appeared that high-achieving students mostly formed relationships with other high-achieving

students and were positively influenced, whereas low-achieving students associated with other

low-achieving students and were negatively influenced. Also, Shin and Ryan (2014b) found

influence effects on early adolescents academic achievement and (marginal) selection effects

in sixth grade. Finally, a study by Rambaran et al. (2017) revealed both selection and

influence processes in ninth grade students school achievement and truancy. Friendships

were particularly formed and maintained between low-achieving students and students with

high truancy levels.

These findings raise several issues. First, although previous studies indicate that both

selection and influence play a role in students academic achievement, it is important to

understand how these processes develop and when they unfold. Previous studies mainly

focused on the development of peer relationships and academic achievement within one

specific school year (Geven et al., 2013; Shin & Ryan, 2014a, 2014b) or combined

information from several school years, leaving potential developmental differences invisible

(Flashman, 2012; Rambaran et al., 2017). Second, previous studies relied on the GPA (Grade

Point Average) as a measure of academic achievement (e.g., Flashman, 2012; Lomi et al.,

2011; Rambaran et al., 2017; Shin & Ryan, 2014a). By using GPA, differences in grades

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Running head: PEER DYNAMICS IN ADOLESCENTS ACADEMIC ACHIEVEMENT

between school subjects are not taken into account, losing the variability between grades and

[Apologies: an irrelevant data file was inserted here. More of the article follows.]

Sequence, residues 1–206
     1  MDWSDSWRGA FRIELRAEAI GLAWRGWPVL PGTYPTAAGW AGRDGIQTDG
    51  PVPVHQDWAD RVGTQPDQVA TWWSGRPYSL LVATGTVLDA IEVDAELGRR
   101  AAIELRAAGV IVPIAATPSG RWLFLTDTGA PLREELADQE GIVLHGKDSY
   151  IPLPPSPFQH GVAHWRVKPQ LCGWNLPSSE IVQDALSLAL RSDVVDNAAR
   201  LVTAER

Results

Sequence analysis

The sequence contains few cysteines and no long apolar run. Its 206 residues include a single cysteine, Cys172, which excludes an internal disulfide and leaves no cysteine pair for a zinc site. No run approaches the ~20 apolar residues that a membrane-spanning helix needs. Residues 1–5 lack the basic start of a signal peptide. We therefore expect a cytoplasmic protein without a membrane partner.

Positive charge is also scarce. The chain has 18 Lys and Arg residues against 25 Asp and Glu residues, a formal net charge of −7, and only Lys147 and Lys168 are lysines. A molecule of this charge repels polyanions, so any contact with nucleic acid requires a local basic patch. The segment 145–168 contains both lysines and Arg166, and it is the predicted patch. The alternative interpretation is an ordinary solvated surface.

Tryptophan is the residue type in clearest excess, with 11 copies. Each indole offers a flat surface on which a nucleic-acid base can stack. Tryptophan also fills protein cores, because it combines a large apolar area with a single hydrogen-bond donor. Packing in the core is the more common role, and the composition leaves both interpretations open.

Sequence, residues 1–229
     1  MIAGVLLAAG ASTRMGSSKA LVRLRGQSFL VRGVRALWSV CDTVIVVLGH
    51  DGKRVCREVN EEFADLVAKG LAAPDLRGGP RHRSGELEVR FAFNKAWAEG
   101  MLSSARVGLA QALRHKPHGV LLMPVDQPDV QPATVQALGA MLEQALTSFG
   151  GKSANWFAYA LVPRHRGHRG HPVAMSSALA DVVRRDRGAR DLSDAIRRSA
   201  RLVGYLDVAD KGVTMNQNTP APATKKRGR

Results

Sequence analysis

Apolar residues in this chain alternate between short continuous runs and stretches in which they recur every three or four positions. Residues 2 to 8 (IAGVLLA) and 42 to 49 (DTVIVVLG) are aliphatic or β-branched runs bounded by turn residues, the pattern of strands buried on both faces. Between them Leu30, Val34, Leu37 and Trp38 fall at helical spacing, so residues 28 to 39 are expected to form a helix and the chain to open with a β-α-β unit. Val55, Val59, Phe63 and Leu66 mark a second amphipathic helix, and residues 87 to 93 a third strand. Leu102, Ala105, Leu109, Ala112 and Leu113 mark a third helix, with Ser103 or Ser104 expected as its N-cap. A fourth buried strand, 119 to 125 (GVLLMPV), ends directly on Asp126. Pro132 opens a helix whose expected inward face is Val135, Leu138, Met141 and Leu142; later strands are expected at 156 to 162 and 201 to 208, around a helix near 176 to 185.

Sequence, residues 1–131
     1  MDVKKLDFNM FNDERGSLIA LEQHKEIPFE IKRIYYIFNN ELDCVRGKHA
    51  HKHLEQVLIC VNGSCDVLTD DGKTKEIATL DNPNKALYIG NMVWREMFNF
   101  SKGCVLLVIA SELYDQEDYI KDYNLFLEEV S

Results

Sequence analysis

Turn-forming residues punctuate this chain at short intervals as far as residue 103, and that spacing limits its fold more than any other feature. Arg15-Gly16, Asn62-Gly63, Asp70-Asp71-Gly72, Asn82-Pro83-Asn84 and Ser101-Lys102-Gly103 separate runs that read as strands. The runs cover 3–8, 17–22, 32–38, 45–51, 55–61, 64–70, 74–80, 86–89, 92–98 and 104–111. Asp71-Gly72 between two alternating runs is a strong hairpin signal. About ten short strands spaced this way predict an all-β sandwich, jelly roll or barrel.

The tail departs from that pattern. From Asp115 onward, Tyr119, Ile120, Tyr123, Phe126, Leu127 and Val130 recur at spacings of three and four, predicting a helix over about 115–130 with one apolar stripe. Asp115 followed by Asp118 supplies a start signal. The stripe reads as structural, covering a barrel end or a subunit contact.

potentially leading to more heterogeneous findings than making content-related clusters of

school subjects (Voyer & Voyer, 2014). For example, an average grade of seven out of ten

can indicate a seven on all school subjects, or high scores on some subjects and low scores on

others. Moreover, previous studies have shown that students motivation and goals differ

across school subjects (Bong, 2001).

Therefore, the aim of the present study is to examine adolescents friendship selection

and influence processes for academic achievement in the first two years of secondary school

(i.e., seventh and eighth grade). This developmental period is chosen as it is at the start of

secondary education, with students entering a new peer environment. Consequently, many

students have to form new friendships and to find their place in the larger peer ecology.

Hence, this context is ideal for testing selection and influence processes (Altermatt &

Pomerantz, 2003).

Furthermore, we examine students average grades and their grades on three clusters

of subjects, that is, languages (Dutch and English), exact/science subjects (mathematics and

biology), and social subjects (history and geography). As these grades are assessed within

classrooms, friendship networks were also assessed on a classroom level, which is the main

context for social interaction in the Dutch school system.

In further untangling selection and influence processes we are also interested in the

directions of these processes. We aim to study the general dynamics more specifically for

low-achieving and high-achieving students. That is, whether there are differences between

low- and high-achieving students in their preference for having low- or high-achieving friends

respectively, how this relates to their own achievement (selection), and whether high

performing students enhance academic achievement of their lower achieving peers or whether

low achieving students drag higher achieving peers down (influence).

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Running head: PEER DYNAMICS IN ADOLESCENTS ACADEMIC ACHIEVEMENT

Friendship dynamics

During adolescence, one of the main developmental tasks is to establish friendships with

peers (Witkow & Fuligni, 2010), reflecting the need to belong as a fundamental human

motivation (Baumeister & Leary, 1995). Especially in the first year of secondary education,